U.S. farmers harvested nearly 3.3 million acres of certified-organic field crops in 2019, driven by 14 percent more organic field-crop operations. The numbers reported in the Mercaris Final 2019 Acreage Report show that the number of growers converting land to organic production escalated significantly, adding to the U.S. organic harvest and offsetting the impact of a rainy growing season.
The report shows the importance of understanding regional variations that drive the overall growth of certified-organic production. According to the report final numbers were more than previous estimates for every region of the United States.
During 2019 there were 1.1 million acres of organic hay and alfalfa were harvested, an increase of 8 percent year-over-year with 11 percent more certified-organic operations.
During 2019 there was 13 percent more certified-organic operations harvesting organic corn, offsetting a significant decline in the number of acres harvested per operation.
Certified-organic operations harvesting organic soybean reached 2,835, an increase of 11 percent year-over-year.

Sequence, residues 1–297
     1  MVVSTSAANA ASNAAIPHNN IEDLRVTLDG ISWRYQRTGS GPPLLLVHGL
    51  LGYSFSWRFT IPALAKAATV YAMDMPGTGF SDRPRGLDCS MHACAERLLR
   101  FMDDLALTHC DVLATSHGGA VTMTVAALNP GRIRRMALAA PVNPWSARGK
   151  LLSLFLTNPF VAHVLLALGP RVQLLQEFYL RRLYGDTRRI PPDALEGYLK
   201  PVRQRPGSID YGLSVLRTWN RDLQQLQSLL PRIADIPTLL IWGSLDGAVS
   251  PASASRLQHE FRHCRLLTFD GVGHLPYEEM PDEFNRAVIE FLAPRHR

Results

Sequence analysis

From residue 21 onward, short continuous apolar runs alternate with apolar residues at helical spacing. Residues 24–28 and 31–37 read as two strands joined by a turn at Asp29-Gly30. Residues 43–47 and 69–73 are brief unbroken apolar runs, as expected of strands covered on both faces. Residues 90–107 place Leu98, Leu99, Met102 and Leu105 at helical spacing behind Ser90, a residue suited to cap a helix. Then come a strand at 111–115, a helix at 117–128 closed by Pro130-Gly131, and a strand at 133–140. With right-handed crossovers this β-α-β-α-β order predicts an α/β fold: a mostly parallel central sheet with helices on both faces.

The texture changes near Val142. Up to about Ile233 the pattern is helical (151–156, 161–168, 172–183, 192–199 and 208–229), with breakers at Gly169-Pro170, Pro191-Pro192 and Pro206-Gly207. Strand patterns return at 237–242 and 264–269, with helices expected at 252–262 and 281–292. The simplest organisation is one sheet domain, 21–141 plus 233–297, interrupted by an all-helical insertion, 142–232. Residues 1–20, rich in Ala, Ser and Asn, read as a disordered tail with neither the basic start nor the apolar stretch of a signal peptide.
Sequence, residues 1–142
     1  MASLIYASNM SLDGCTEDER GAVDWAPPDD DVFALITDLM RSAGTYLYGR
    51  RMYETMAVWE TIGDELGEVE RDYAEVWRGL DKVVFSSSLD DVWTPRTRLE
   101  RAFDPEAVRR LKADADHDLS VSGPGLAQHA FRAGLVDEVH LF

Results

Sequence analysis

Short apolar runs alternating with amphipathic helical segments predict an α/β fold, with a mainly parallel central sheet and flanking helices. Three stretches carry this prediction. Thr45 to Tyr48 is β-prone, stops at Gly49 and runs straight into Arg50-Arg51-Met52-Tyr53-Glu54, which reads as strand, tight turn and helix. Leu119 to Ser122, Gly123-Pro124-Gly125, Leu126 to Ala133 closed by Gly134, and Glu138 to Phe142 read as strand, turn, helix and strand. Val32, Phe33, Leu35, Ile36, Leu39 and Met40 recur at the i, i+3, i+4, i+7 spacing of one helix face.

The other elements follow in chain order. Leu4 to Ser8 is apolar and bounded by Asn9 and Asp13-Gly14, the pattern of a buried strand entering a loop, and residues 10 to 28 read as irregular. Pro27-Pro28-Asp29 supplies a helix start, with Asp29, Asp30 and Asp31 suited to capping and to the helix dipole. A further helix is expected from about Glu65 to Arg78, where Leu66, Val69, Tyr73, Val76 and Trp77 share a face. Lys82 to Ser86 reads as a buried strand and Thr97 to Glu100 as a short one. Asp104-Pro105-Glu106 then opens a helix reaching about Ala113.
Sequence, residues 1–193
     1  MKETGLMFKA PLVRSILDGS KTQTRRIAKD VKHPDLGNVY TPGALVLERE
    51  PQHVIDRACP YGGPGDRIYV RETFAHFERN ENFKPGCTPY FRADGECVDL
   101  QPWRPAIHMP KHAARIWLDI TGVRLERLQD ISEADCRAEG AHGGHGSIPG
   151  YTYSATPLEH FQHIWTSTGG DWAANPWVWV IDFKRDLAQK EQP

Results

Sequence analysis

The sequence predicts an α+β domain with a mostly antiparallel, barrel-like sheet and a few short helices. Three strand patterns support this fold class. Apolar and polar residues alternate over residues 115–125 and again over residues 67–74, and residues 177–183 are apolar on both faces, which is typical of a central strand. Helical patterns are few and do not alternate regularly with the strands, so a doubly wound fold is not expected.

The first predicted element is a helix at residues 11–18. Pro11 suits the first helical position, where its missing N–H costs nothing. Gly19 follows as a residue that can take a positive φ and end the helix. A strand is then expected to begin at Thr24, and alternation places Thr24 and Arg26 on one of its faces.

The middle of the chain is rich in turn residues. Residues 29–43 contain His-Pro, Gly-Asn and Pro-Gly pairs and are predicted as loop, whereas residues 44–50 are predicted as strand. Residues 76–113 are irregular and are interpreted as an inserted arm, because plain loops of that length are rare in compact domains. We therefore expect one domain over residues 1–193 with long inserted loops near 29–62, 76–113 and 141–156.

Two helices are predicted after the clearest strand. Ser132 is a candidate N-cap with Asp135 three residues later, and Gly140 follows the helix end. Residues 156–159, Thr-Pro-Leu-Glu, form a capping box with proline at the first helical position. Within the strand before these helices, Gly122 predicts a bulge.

Harvested organic-wheat acres, mostly driven by expansion in the High Plains region, grew 16 percent year-over-year.
“2019 was a tough year for agriculture overall, with a number of macroeconomic and weather-climate-related events adding to the uncertainty,” said Kellee James, CEO of Mercaris. “Because of this it’s more important than ever to track and understand key production statistics for organic agriculture, a sector that continues to show strong growth.”
Ryan Koory, director of economics at Mercaris, said, “Despite what can be fairly described as the most difficult growing season in more than a decade, 2019 was a remarkable year for organic production. While growth in the organic industry was anticipated, the 14 percent year-over-year expansion in certified-organic field-crop operations well exceeded expectations. Overall acreage expansion did prove to be limited by weather throughout the growing season. That said, the addition of new organic growers suggests that 2020 could see organic production reach new record highs.”
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